Hamilton County - Convicted Geist money manager Marcus Schrenker was back in court just days after he was sentenced to ten years in prison. This time, Schrenker was in a courtroom to contest his child support payments. What came out of his testimony could be several chapters in the book offers he says have been pouring in.
It was the sort of testimony that Marcus Schrenker would have given at his criminal trial had he not pleaded guilty. Yet he was back in court after getting ten years in prison last week, this time to contest the child support he's been ordered to pay his soon-to-be-ex-wife Michelle.
Schrenker claims he never knew about a February hearing ordering him to pay $691 per week in child support. He and Michelle Schrenker have three children together.
"He does not have the ability and cannot be forced to pay child support while he's incarcerated," said Erin Connell, Schrenker's attorney.
Schrenker's attorneys argued that he has no money. They also argued for visitation rights with his children while Schrenker serves out his term.
On the stand for over an hour, the former money manager detailed a painful separation from his three children. It was testimony typical in a child support hearing, but it soon veered 360 degrees - much like Schrenker's once-famous air acrobatic stunts.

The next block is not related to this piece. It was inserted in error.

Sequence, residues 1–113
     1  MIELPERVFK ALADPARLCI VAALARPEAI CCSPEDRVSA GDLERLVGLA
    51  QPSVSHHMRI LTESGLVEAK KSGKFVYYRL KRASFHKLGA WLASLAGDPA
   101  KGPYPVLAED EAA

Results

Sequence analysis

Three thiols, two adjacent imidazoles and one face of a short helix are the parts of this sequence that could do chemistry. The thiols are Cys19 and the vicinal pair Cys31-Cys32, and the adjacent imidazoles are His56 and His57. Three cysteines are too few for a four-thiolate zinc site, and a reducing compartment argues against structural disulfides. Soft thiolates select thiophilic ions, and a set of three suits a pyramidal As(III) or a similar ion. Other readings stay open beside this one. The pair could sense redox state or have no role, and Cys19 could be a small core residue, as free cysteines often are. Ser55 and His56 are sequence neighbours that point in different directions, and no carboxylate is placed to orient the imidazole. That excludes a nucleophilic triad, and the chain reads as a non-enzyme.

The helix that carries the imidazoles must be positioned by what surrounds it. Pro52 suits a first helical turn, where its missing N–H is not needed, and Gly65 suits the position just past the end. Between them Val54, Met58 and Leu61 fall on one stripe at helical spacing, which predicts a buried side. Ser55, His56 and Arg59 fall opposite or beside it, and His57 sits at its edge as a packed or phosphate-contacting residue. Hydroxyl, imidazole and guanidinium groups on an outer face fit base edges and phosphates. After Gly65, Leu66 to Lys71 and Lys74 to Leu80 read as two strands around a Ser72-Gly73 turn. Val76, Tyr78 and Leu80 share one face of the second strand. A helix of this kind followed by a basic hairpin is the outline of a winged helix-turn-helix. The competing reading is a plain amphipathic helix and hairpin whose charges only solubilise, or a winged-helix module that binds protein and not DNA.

In letters to his wife while in jail, Schrenker details over $1 million stashed in hidden off-shore accounts, proposed lucrative book and movie deals about his life and circumstances surrounding his ill-fated attempt to fake his death in a plane crash.
100 pounds of gold
The most interesting nugget has to do with gold. Schrenker wrote his wife that he'd attached over 100 pounds of gold to his body when he parachuted from his plane over Alabama. According to Schrenker, that gold is now resting at the bottom of a river where he landed.
That river Schrenker refers to is likely the Coosa River near Childersburg, Alabama, and if true, the sunken gold would be worth over $2.1 million.
"Is it still there?" the attorney asked him.
"It probably won't be after today," he replied.
"I think that the letters Marcus wrote were probably a very desperate time while he was incarcerated to the woman he loved and was married to for 15 years," said Connell.
The hearing in the case was continued. Schrenker did say that a California author is writing a book about his life with that money going to his children. He still has to pay Indiana investors over $633,000.
Another point of contention came when Michelle Schrenker's attorney pointed out to Marcus that in another letter, he stated there was over $1 million in offshore accounts for her and the children.
On cross examination, Marcus claimed that Michelle knew where that money was because she was the chief financial officer of his company. "She knew everything," Schrenker said. "I didn't know what I got paid each week because she did it."
Michelle Schrenker denies any knowledge of offshore accounts, or of her husband's wrongdoing.
Marcus Schrenker wants to be able to see his children. Michelle Schrenker has blocked his telephone number from the jail on her phone and the children's phones. Her attorneys argue that Marcus should not see his children until he is released from jail.